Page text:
Self-driving cabs could slash emissions 90%

Autonomous taxis could have a huge impact on environmental emissions, with new research suggesting cuts of as much as 90-percent versus private ownership. Although self-driving projects have for the most part focused on the safety and convenience handing over the wheel to a computer would allow, the team at the Lawrence Berkley National Laboratory looked instead to per-mile greenhouse gas emissions. The potential for greener driving, they discovered, was far greater when a smarter taxi system could take into account just how many people they'd need to be transporting.

To begin with, the research looked at what cut in emissions might be achievable were private ownership replaced with communal, self-piloting vehicles that could be summoned for individual use. Theorizing that such a system might be possible in 2030, the team calculated that an autonomous EV could save 63- to 82-percent of such emissions than a privately-owned hybrid.

The savings could be even greater versus a current gas-powered car, as much as 90-percent it's suggested.

While efficiency improvements over the coming years will no doubt change emission levels, the big difference is "right-sizing" the car for the trip. In fact, the LBNL research indicates, almost half of the predicted savings would be down to better matching vehicle to occupants.

Rather than dispatching a regular four or five seat sedan every time, a smarter system would know how many passengers and what sort of luggage capacity was required, and pick a car to suit.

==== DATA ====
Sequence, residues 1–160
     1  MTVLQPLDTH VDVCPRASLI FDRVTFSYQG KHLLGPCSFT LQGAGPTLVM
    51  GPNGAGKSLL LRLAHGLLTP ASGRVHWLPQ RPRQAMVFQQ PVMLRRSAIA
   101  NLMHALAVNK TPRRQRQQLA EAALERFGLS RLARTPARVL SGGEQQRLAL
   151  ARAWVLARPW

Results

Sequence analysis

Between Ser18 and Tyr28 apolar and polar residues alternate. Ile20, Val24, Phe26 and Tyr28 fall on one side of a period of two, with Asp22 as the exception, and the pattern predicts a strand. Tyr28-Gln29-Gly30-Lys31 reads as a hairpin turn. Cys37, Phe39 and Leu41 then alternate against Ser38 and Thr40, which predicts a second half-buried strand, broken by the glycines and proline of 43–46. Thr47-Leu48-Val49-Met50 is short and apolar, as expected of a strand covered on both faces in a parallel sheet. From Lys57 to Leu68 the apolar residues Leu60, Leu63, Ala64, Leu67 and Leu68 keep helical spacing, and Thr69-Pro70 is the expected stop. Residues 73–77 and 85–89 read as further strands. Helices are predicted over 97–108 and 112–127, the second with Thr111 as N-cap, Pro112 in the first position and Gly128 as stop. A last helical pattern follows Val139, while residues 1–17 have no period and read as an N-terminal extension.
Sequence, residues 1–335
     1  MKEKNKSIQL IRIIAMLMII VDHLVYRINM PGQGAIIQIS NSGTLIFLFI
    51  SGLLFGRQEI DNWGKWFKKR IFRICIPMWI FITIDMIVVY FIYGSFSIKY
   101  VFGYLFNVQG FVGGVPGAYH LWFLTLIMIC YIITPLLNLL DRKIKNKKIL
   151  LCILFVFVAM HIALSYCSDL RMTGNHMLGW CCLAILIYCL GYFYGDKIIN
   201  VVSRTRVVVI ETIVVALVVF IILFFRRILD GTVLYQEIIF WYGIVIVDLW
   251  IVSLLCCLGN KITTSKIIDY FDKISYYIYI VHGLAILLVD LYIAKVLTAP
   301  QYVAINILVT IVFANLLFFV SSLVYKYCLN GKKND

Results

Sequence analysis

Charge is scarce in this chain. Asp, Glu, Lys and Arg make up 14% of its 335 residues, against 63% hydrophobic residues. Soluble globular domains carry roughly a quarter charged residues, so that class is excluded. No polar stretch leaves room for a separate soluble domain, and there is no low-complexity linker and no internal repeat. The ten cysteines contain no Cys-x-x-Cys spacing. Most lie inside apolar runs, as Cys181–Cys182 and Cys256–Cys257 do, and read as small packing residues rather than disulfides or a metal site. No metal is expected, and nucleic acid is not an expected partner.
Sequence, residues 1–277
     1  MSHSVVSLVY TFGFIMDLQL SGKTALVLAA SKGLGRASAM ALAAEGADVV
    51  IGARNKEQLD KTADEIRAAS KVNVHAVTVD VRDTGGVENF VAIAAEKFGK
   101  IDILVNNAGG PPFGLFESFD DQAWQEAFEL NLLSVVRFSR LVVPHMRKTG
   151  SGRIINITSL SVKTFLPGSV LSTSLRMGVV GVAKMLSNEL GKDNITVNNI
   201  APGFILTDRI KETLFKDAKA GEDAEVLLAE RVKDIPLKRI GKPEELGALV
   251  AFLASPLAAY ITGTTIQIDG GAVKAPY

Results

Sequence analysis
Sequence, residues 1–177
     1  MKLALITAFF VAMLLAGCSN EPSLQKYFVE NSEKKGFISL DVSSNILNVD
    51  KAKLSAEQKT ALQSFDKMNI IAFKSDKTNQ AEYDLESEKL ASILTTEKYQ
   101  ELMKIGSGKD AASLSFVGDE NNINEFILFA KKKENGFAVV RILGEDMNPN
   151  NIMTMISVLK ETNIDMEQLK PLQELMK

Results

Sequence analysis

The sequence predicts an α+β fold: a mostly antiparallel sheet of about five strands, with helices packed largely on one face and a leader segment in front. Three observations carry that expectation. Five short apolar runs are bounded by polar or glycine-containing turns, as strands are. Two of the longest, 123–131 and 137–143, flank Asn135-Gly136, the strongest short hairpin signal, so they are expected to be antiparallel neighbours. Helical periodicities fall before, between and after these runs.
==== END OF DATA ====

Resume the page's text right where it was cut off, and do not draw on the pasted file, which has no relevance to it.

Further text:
If just 5-percent of vehicle sales in 2030 were instead shifted to autonomous taxis, the research concludes, approximately 7m barrels worth of oil per year could be saved. In addition, approximately 2.1 and 2.4 million metric tons of CO2 emissions could be trimmed each year.

Were right-sizing combined with ride-sharing, indeed, the savings could be even greater. Just switching 10-percent of single-person rides to two-person rides could cut total distance traveled by over 3-percent, and though a bigger car would be required (rather than a self-driving single-seater pod), the net energy decrease would still be positive.

The researchers now plan to look at how such autonomous vehicles might be designed, as well as the infrastructure requirements for deploying such a fleet into a city area.

Meanwhile, Uber is believed to be looking into self-driving cabs in partnership with CMU, while Google too is investigating ways of leveraging its autonomous research into a publicly-accessible communal fleet.

Among traditional automakers, Nissan has been talking about using small-scale deployments of its self-driving Leaf to ferry around people in communities where cars are unwanted or unsafe. One possibility is that the elderly could rely on such vehicles to be transported around retirement communities.

SOURCE Lawrence Berkley National Laboratory

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